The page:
Sam Alden, It Never Happened Again, "Hawaii 1997" pp 38-39, 2014

"Hawaii 1997" is set on a Hawaiian vacation and seems possibly autobiographical. The main character "Sam" is a little boy, fascinated by an older girl in a bikini (to the amusement of his parents), who sneaks out onto the beach at night and encounters a little girl. That's about it, but it is unexpectedly moving. James Joyce wrote that the moment of an epiphany in a story was when "the soul of the commonest object … seems to us radiant, and may be manifested through any chance, word or gesture." Alden finds this in "Hawaii 1997." The only false note is the little girl's closing line--it's very apt but feels too sophisticated and worldly for a little girl to say.

Sam Alden, It Never Happened Again, "Anime" pp 132-133, 2014

The second story, "Anime," follows a young woman, Janet, whose love of anime becomes a self-destructive obsession. The story shows an obsession with something trivial can become a substitute for living one's life--something that many of us who have ever been fans know about--but also how such an obsession can give one a sense of accomplishment and intangible joy. This story impressed me all the more because unlike "Hawaii 1997," it wasn't obviously autobiographical. Without knowing anything about Alden's life it's impossible for me to say how much Janet is based on himself. But creating a convincing character of the opposite sex indicates to me that an artist or writer is stretching.

Sam Alden, Haunter, pp. 13-14

After the realistic stories in It Never Happened Again, the strange fantasy story (more of an episode than a full-fledged story) in Haunter is unexpected. Not just the subject matter, but also the delicate pen-and-onk drawing combined with the intensely colored watercolors give it a completely different look from It Never Happened Again. What the two books have in common is that the art feels wonderfully hand-made. Alden in no way tries to disguise his hand. The only straight lines in Haunter are the carefully made panel borders. Significantly, they aren't drawn--they appear to have been made by taping off the panels.

The protagonist in this wordless story is apparently a subsistence hunter, dressed in rags and carrying a bow. Pursuing her prey, a javelina-like animal, she stumbles across what appears to be a ruined and abandoned temple. Curiosity killed the cat--the hunter leaves off her hunt to check it out. She finds in it a large idol holding a chest, in which she finds some relics--a cell phone, a pistol, an alarm clock. She seems to not recognize them--her time must be long after the collapse of our industrial civilization. It's a good device, having a character in a seemingly primitive society stumble across an unexpected relic of our time. Gene Wolf used it memorably in The Shadow of the Torturer, and everyone remembers the climax of the Planet of the Apes, when Charlton Heston finds the partially buried remains of the Statue of Liberty.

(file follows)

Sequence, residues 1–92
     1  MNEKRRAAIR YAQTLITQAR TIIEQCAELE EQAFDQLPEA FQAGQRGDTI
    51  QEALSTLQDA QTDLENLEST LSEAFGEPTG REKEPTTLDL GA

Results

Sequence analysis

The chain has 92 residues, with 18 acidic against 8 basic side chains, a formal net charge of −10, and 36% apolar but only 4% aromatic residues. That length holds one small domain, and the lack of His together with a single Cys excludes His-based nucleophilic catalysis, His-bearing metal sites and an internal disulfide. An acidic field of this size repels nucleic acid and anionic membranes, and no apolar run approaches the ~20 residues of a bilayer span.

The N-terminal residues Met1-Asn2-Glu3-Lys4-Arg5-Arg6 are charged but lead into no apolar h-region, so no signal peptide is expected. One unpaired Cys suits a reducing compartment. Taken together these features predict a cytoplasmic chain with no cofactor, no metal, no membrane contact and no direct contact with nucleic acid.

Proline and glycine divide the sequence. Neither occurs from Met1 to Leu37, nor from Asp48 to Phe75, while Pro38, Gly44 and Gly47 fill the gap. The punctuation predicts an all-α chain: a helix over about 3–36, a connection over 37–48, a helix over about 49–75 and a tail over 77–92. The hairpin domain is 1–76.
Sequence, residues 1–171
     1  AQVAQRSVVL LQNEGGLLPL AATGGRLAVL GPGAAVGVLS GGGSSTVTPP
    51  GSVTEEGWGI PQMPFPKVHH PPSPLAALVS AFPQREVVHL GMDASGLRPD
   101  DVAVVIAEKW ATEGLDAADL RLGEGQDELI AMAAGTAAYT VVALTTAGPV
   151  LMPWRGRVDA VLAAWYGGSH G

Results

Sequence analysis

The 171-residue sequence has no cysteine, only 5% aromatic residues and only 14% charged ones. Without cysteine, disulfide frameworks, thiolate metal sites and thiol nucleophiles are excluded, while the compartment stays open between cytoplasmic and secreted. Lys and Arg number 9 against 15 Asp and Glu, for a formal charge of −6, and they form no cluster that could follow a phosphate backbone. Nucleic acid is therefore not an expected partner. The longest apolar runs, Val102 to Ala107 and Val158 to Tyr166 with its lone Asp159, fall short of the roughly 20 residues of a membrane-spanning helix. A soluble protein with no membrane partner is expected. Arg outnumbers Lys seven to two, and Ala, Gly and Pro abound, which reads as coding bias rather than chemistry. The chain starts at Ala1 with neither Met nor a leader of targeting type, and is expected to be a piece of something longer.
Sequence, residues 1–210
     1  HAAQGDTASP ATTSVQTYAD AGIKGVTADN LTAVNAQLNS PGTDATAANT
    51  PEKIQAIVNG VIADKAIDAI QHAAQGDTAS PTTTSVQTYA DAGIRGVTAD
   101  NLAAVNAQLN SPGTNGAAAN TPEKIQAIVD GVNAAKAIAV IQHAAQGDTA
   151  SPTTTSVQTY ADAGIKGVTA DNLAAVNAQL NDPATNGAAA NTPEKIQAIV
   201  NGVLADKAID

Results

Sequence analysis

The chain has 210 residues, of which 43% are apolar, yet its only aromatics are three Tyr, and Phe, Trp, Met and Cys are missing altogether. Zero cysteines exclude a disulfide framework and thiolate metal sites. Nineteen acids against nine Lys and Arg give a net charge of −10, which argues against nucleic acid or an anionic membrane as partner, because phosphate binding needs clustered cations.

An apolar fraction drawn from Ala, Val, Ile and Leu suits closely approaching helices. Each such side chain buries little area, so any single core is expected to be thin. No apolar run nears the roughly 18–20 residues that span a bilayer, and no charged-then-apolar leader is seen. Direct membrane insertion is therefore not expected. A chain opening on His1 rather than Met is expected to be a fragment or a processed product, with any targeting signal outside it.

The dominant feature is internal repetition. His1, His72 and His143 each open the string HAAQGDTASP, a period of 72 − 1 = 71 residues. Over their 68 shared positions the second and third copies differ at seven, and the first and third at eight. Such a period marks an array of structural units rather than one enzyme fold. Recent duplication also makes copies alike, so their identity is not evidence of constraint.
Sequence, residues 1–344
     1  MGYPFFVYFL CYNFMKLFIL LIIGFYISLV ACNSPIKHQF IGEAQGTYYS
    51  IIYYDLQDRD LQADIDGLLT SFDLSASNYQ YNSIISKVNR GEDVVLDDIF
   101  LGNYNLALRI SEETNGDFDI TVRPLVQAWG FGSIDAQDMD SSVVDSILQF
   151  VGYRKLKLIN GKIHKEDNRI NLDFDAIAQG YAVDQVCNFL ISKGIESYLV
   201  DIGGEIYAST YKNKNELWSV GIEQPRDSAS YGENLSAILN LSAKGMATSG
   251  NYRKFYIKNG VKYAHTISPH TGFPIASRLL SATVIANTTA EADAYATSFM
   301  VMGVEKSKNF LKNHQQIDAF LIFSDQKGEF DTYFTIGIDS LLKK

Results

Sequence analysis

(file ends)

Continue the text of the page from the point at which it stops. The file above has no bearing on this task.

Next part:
Sam Alden, Haunter, page 45

Alden might have been thinking of that movie when he drew Haunter. His hunter wakes a demon guardian of the temple. The demon, with her blue-green skin and spiky crown, looks like a malevolent version of the Statue of Liberty, who far from welcoming tired poor wretched refuse would prefer to kill them. The entire comic is a chase and a dual between the hunter and the demon. The hunter lives in a future fantasy world, the outlines of which are barely hinted at. That kind of information is not important to the story at hand, but if Alden were to create more stories set in this world, I'd be interested in reading them. As it is, the gorgeous artwork and propulsive action in Haunter make it a pleasure to read.

Man, I'm getting old. There are cartoonists like Sam Alden and Michael DeForge (age 27) doing astonishing work who are half my age. It's hard for a geezer like me to keep track of this new generation, but worth the effort.

Truth is Fragmentary: Travelogues & Diaries (Uncivilized Books, 2014) by Gabrielle Bell. Every now and then, Gabrielle Bell will be short of cash and will go on her blog and sell some original art. Last year, I bought three pages--a short self-contained story about getting lost in the woods with her boyfriend. These three pages are in her latest book, Truth is Fragmentary. I mention them because if I own original artwork by Bell, how can I be objective reviewing her work? That's for you, the reader, to decide.

Gabrielle Bell, Truth is Fragmentary p. 145

That said, Truth Is Fragmentary is not Bell's best book. It does give the reader a peek into the life of an established creator of art comics (which may be similar to the situation of a lot of contemporary artists), and that's valuable. It's a life of poverty punctuated with occasional all-expenses-paid trips to wonderful places (for comics festivals). Bell plays up her loneliness and isolation, but it doesn't completely work--she seems to have lots of friends as well as the aforementioned boyfriend. She portrays herself as continuously on the verge of a breakdown, but it's hard to know how much of that is real. She has shown a willingness to fictionalize her own life in the past and does so here, as with her presumably fictional narrator of her trip to Colombia. I mention this not to say that Bell is an untrustworthy source but rather to describe what she is doing, which is a semi-fictional memoir. Sometimes this approach works (as in 2010's "Manifestation," which can be found in an untitled version in her 2012 book The Voyeurs), but it seems only intermittently successful here.

Her accounts of her trips to comics festivals can get a bit tedious--the travails of travel, hanging out with festival friends (fellow artists), etc. This might have been why she invented the false narrator for her Colombian voyage. But occasionally you get pages like this:

Gabrielle Bell, Truth is Fragmentary p. 67